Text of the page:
Vermonter Switches To Pot For Pain After A Decade On Prescribed Opioids. It Isn’t Cheap
As attitudes toward pain management change, some researchers say there's better evidence supporting cannabis use for chronic neuropathic pain management than opioids. Yet, for this Vermonter, an opioid prescription costs a dollar, while medical marijuana costs hundreds.
“My kitchen has just become, like, weed zone,” says MaryJane Sarvis, standing in her friend Ann’s much tidier kitchen. “I’ve got oils and you know stuff half-soaking, half-made. It’s really a zoo.”
Until recently, Sarvis was dependent on prescribed opioid painkillers to treat her chronic pain. Now, she relies only on cannabis.
With cannabis instead of opioids, Sarvis says she has less pain and more energy. But to purchase her medicine at Vermont dispensaries, she says “I gotta come up with hundreds of dollars for cannabis."
Here in Ann’s kitchen, Sarvis is learning to cultivate cannabis and use the plant to concoct her own infusions, tinctures and salves.
The two are a raucous pair, cussing and laughing as Ann instructs Sarvis on things like whether and how to process raw cannabis before infusing it into honey. Both women are nearly sixty; both rely on cannabis to manage chronic pain. Neither can afford to buy medical cannabis at a dispensary.
Ann is using her confirmation name to protect her privacy. As for MaryJane Sarvis, “My name really legitimately is MaryJane.”
To really understand Sarvis’s story, you have to go back nearly 50 years. As a child, Sarvis was diagnosed with spinal scoliosis. At 12, a doctor fused 10 of her vertebrae together. The then state-of-the-art surgery held up for more than 30 years.
“What happens is under the fused vertebrae, the discs and stuff starts to break down around the fusion. My lower spine was like all broken down. It was like — bad.”
She had excruciating pain, and began losing feeling in her leg.
Her doctors prescribed high doses of opioids. By the time Sarvis found a doctor who could operate, she had worked up such a tolerance to the opioid painkillers she couldn’t feel opioids the surgeon gave her for the recovery.
“They locked me in a little room where I screamed bloody murder. I screamed,” Sarvis remembers. “That’s all they could do for me.”
After the surgery, Sarvis was told she would have to be on opioids for the rest of her life. “There’s three screws in my sacrum that will create chronic pain forever. But I’d rather have a leg that works than not, so I said 'okay.'”
For nearly a decade, Sarvis went from pain clinic to pain clinic. Some prescribed hydrocodone (Vicodin), an addictive opioid. Others prescribed methadone, a synthetic opioid more often used to treat addiction.
Sarvis believes she was dependent on the drugs, but not addicted. “I remember taking opiates where you get a euphoric feeling,” she says, “it’s a good thing. I personally don’t think I have an addictive personality.”
Still, the drugs didn’t seem to help. “I felt tired all the time and I was still in pain.” She decided to quit the opioids. Her doctors agreed to help.
Detoxing from methadone causes famously miserable withdrawal. “You can’t sleep. You’re jumpy as hell. You have more pain,” Sarvis remembers. “It’s your brain telling your body ‘I want more substance, give me more.’”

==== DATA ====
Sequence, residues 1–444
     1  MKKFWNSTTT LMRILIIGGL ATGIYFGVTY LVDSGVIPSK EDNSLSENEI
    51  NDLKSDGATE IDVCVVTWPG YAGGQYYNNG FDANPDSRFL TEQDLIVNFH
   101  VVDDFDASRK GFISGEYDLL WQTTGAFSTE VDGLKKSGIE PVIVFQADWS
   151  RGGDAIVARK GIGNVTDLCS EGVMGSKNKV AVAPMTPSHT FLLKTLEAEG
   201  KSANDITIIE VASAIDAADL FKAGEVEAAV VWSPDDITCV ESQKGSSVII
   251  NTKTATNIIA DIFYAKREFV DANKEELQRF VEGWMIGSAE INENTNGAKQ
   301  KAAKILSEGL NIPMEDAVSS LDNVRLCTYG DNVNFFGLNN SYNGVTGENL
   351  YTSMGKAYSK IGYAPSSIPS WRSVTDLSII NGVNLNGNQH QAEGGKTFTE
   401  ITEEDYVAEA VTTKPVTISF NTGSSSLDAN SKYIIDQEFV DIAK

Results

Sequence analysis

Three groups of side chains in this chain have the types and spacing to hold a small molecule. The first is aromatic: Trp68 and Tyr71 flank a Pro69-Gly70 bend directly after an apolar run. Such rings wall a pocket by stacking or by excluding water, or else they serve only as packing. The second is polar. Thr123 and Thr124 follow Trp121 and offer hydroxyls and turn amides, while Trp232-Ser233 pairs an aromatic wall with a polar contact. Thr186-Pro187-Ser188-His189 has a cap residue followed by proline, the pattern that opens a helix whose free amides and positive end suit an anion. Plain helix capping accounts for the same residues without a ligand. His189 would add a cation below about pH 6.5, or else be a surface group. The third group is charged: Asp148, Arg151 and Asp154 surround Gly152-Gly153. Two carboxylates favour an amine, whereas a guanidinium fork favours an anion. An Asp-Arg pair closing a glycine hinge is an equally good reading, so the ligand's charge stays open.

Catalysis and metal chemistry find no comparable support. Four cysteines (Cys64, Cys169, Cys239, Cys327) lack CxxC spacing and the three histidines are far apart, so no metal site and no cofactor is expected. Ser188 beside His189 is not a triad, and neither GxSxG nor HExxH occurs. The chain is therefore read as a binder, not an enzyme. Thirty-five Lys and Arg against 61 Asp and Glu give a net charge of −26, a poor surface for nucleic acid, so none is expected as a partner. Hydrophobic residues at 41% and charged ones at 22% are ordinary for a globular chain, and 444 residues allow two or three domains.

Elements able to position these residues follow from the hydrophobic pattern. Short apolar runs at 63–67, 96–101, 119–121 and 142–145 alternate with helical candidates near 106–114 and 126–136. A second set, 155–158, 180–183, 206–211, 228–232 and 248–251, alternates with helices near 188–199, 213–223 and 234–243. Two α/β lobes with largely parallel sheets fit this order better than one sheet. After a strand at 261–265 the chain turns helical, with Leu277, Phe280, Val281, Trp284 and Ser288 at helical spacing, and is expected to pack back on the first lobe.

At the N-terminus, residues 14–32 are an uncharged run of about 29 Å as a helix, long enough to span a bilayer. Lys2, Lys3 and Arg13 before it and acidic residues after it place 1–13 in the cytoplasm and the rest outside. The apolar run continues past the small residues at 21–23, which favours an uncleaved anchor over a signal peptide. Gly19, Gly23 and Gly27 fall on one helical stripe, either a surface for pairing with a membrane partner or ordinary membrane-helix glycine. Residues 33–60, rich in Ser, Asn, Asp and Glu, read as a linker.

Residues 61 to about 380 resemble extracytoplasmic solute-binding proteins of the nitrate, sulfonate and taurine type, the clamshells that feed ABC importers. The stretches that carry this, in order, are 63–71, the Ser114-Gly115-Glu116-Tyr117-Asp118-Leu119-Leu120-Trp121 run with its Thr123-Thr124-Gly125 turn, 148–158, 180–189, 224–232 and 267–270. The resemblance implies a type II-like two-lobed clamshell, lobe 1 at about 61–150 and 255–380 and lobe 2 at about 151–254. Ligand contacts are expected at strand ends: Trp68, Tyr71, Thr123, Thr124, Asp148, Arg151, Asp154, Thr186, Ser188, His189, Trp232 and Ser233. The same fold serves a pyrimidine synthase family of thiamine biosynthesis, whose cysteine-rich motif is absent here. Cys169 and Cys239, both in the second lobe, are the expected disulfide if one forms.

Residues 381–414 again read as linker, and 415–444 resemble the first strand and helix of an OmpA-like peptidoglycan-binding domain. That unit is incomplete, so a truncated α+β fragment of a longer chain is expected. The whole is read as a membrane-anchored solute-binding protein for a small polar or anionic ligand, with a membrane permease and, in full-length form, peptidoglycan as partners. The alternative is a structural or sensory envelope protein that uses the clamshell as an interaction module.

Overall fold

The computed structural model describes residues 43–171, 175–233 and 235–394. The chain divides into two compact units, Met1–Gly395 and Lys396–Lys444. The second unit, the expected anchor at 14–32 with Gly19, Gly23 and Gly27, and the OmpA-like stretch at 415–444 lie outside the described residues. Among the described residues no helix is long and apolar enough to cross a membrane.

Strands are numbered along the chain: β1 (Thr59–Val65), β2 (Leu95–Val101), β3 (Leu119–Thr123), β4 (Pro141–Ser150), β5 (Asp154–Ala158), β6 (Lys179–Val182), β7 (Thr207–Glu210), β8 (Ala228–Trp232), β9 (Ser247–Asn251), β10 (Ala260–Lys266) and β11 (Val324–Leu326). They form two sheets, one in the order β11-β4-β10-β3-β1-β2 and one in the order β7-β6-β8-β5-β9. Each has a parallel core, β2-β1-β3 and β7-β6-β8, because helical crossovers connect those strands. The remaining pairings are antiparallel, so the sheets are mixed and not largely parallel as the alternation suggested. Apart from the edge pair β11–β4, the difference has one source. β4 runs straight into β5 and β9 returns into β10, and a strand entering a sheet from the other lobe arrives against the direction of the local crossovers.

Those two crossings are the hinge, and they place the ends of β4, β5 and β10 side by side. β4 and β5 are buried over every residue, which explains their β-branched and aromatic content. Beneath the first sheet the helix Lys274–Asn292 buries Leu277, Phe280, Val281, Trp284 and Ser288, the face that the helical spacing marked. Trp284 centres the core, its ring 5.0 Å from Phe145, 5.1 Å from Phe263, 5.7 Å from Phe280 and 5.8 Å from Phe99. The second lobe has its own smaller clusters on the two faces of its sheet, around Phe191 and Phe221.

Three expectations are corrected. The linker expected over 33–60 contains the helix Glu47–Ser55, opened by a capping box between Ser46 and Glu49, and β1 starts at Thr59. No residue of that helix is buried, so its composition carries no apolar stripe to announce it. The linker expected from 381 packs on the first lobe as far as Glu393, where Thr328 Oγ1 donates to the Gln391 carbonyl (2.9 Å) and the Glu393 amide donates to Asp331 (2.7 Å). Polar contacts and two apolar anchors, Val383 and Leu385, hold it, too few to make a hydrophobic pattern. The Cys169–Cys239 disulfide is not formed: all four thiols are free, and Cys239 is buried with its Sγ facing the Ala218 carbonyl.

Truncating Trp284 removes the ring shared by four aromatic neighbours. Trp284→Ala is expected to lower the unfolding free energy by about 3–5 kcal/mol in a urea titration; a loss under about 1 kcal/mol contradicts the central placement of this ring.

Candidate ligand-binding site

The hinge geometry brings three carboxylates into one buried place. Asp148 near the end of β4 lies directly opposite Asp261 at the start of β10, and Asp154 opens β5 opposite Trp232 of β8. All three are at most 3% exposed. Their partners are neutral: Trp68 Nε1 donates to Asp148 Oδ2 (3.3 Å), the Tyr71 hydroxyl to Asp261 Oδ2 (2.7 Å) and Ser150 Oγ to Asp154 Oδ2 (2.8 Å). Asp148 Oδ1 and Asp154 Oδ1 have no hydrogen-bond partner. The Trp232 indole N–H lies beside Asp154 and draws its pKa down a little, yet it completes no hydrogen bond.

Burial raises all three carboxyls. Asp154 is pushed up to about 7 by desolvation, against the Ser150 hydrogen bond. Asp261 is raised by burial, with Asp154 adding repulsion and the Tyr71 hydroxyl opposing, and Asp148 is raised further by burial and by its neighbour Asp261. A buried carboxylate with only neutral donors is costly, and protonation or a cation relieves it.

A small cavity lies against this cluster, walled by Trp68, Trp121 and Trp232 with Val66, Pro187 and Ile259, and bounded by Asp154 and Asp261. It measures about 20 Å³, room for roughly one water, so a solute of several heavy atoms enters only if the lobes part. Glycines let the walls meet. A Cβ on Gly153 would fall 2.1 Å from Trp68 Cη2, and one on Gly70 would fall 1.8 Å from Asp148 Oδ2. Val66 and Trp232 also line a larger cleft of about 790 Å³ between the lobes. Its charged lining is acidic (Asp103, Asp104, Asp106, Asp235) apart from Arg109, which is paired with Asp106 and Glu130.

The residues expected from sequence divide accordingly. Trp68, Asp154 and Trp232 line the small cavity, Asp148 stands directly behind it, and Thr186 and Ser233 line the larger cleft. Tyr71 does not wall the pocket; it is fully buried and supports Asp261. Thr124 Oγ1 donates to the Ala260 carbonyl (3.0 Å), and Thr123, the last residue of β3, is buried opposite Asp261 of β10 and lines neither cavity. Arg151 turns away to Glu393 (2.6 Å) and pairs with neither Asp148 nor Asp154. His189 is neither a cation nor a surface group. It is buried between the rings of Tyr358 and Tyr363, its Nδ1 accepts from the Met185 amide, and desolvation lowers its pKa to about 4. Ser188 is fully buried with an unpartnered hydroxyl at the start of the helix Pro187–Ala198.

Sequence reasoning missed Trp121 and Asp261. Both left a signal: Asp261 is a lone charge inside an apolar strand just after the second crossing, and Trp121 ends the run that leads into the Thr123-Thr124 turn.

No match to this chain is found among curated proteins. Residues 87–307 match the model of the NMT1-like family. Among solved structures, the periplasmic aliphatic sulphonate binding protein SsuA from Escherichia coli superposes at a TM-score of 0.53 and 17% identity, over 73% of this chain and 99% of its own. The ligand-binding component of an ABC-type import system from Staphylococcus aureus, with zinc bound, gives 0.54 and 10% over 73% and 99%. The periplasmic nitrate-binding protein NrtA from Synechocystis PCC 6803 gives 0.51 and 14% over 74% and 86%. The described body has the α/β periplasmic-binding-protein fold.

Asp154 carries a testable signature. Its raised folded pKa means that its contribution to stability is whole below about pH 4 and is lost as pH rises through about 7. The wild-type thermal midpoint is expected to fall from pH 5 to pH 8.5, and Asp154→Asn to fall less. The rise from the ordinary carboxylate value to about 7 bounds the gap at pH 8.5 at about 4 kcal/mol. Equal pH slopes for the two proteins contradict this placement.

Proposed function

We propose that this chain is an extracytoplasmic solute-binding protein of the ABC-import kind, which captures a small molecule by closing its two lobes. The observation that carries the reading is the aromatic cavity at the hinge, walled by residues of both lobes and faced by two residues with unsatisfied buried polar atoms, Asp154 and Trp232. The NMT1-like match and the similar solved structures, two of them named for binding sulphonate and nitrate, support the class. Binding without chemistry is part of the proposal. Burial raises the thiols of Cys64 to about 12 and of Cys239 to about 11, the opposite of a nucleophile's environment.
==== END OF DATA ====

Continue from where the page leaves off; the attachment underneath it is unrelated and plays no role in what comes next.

It took her six months to get through the withdrawal. “And then I realized I had less pain than when I was on drugs.”
Today, Sarvis believes her prescription opioids actually increased the severity of her chronic pain. Her experience is not as surprising as it sounds.
“There’s really no evidence for opioids at all in chronic pain,” says Kalev Freeman, an emergency room physician and researcher at the University of Vermont. “Opioids are good for acute injuries and surgery.”
Freeman teaches students in the University’s medical school the fast-evolving literature on opioids and medical cannabis.
“For chronic conditions, the problem is that the opioids lead to additional inflammation around the nerves and sensitize the nerves to further pain. So the chances of developing chronic neuropathic pain are higher if you take opioids.” At the same time, Freeman says, “there’s very robust evidence that cannabis decreases pain,” particularly neuropathic pain.
MaryJane Sarvis doesn’t need to read medical literature to believe this. She says with medical cannabis, she’s got more energy and less pain than she did using hydrocodone or methadone.
Now, the pain is in her pocketbook.
Sarvis’s opioids were covered almost entirely by taxpayer-funded Medicaid. “So I can get a bottle of opioids for a dollar on my state insurance," says Sarvis, "I can see how it’d be tempting to say 'give me the pharmaceuticals.'"
Medical marijuana is not covered by insurance, and it's expensive.
A Vermont cannabis blog estimates two ounces of marijuana — a one- to two-month supply — costs at least $560 in Vermont dispensaries. That’s more than twice as much as patients pay in Colorado or Washington State. And it’s exponentially more than patients like Sarvis pay for opioids.
Sarvis says she can’t afford Vermont dispensaries’ medical marijuana. “I just got food stamps and I’m really freakin’ relieved. Let’s put it that way.”
There is an irony here.
Sarvis is an artist whose ultra-fancy scarves and capes used to be sold at Bergdorf Goodman. Oprah Winfrey and Diane Sawyer have worn her designs. However, Sarvis says, opioid painkillers contributed to the demise of her business. She was too tired, and too much in pain to work.
Sarvis turns 60 this winter. She says now that she’s off the opioids and using cannabis, she’s ready for a second chance. “Sixty and having health problem is not a death sentence. I’m ready for round five.”
This time though, Sarvis won't be spent laboring over velvet and silk for famous customers. She’ll be perfecting her cannabis growing techniques – and making her own medicine.
Copyright 2017 Vermont Public Radio